J.I. Packer on the sacred language of the Book of Common Prayer

Discussion in 'Family, Relationships, and Single Life' started by Stalwart, Aug 11, 2020.

  1. bwallac2335

    bwallac2335 Well-Known Member

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    Our Bible and liturgical texts should be set a part and reflect a higher degree of talking and writing. After all this is God we are dealing with not your best friend on a Friday night.
     
  2. Ananias

    Ananias Active Member Anglican

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    Honestly I think it's just about the money, and branding. (That "True North", "optimal equivalence" stuff is really cringe-worthy.) The Bible market is really saturated right now, and publishers of copyrighted translations (which is nearly all of them) need ways to push their stuff into churches. Did you notice the huge uptick in Evangelical churches using the 2017 CSB? Look a bit deeper and you find out that the publisher was giving churches sweetheart deals on bulk buys.

    I've got nothing against the CSB. It's a fine translation, and I have a copy on my shelf. But this commodifying of God's word just feels...sleazy. I've always appreciated the Trinitarian Bible Society's no-nonsense business model, and I wish other publishers/booksellers would emulate them.
     
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  3. Rexlion

    Rexlion Well-Known Member

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    The key here is that the older text is presumed to be more accurate. But this is an assumption that does not necessarily follow. One should ask what was the level of accuracy and faithfulness in scribal copying, for this will affect accuracy more than age. Moreover, the alleged older text might not actually be older!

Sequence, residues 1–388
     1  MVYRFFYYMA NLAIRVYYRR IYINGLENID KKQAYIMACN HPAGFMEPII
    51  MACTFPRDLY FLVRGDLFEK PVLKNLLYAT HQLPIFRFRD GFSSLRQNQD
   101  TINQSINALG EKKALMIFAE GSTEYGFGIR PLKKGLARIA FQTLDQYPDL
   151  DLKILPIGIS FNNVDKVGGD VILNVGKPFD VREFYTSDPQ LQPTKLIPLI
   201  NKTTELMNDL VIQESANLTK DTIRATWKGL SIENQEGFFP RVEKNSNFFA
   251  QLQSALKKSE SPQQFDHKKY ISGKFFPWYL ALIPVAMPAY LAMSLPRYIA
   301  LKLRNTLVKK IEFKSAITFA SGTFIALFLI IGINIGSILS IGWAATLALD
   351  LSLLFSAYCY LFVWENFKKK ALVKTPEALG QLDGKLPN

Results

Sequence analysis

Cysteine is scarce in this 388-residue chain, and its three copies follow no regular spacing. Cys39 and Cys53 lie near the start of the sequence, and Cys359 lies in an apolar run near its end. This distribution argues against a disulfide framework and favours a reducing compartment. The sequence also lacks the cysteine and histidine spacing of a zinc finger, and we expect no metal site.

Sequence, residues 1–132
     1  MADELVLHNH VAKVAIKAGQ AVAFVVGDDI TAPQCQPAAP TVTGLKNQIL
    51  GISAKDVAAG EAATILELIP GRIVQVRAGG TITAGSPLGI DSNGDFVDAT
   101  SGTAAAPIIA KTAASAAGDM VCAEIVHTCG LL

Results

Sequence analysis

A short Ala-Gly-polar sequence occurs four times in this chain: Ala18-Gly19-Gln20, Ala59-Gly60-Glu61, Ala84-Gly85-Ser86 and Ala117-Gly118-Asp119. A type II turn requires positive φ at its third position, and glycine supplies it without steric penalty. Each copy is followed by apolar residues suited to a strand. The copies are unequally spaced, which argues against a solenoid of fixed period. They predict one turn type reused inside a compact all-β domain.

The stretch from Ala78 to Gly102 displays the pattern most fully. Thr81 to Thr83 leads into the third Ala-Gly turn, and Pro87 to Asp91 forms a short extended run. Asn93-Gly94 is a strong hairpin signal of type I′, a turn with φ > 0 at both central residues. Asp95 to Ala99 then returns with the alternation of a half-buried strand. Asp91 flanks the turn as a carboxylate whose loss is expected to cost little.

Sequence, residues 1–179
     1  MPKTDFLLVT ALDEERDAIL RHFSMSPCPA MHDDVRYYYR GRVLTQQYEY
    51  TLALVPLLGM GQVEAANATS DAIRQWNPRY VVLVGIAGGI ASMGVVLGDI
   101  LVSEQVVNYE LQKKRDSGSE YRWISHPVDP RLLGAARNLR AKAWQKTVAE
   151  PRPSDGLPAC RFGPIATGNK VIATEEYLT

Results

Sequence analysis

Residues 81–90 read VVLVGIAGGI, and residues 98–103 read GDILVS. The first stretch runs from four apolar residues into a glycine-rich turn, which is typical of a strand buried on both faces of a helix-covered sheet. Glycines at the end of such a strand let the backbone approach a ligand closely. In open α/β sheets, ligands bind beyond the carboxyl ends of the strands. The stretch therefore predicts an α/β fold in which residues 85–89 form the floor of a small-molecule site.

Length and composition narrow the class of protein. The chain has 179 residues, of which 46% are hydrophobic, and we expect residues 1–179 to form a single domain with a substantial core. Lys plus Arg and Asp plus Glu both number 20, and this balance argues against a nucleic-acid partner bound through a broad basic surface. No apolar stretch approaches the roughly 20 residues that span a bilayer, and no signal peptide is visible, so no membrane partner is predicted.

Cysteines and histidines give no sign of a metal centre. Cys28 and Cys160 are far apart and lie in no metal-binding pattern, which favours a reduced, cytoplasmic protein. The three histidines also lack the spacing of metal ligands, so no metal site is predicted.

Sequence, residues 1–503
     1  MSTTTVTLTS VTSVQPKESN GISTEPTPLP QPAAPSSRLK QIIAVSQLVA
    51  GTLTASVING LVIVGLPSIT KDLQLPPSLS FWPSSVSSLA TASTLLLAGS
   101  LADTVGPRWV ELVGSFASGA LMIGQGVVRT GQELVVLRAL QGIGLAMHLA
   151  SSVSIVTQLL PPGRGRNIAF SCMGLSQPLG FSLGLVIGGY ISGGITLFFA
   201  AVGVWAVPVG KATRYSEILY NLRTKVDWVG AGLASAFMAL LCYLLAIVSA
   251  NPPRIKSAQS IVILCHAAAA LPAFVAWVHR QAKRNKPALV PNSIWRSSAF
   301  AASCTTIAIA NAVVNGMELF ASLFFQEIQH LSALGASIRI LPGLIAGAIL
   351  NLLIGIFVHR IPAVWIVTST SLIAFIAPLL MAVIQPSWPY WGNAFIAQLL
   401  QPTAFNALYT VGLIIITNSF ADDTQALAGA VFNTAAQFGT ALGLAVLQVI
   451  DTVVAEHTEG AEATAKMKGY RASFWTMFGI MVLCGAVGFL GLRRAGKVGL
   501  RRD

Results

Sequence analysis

Some facts about Sinaiticus:
    1. Tischendorf had an audience with the Pope, and thereafter he seemed to make a beeline for St. Catherine's monastery.
    2. He claimed to have found the folios (this portion which he brought back from his initial trip is known as "Friderico Augustanus,") in a 'burn basket' for use in lighting fires. But it was written on parchment (animal skins) and is to this day snowy white in color. Parchment does not burn well and it stinks when burned. Moreover, parchment was too valuable to be destroyed; normal practice would have been to erase unwanted writing and re-use the parchment for another document Tischendorf's story doesn't make sense. Was he lying about the source of the discovery?
    3. Tischendorf made a second trip to retrieve the remainder of Sinaiticus, after which he spent 2 months in Cairo before bringing the codex to Europe. When he brought it, the codex was yellowed (presumably with age) but the yellowing was (and is) rather uneven and streaky. Since Tischendorf lingered in Cairo for a couple months with this codex before taking ship, could he have utilized this time to apply an aging agent like lemon juice to make his 'discovery' appear more ancient?
    4. Tischendorf never had a chance to get his hands back on the first portion (Friderico Augustanus), which to this day is white and shows no sign of yellowing. No one could readily make this comparison until recently, but both portions have been photographed (using color bars to calibrate the photos) and posted at www.codexsinaiticus.org where anyone may see this difference between the two portions.
    5. If viewing these photographic copies, one may observe that the document contains extensive erasures, write-overs, corrections, errors, margin additions, and so on. It exhibits signs of having been sloppily or hurriedly done.
    6. Moreover, Sinaiticus is woefully incomplete. It is missing all but 4 chapters of Genesis, all of Exodus, all but 3 chapters of Leviticus, all but 12 chapters of Numbers, all but 5 chapters of Deuteronomy, most of Joshua and Judges, all of Ruth & 1 Samuel & 2 Samuel & 1st & 2nd Kings... but it does have parts of 1 Chronicles twice. In one particular spot of Sinaiticus, the copying of 1 Chronicles actually leaves off at Chapter 19, verse 17... then the very next words on the parchment are from Ezra 9:9 (in the middle of a sentence!) which it continues (in Ezra) as if everything were fine and normal! (But Sinaiticus does include something of note that would have gratified the RCC: Sinaiticus contains the Apocrypha.) All signs point to the codex having been a second-rate copy job, and certainly not something we should rely on or give great credence.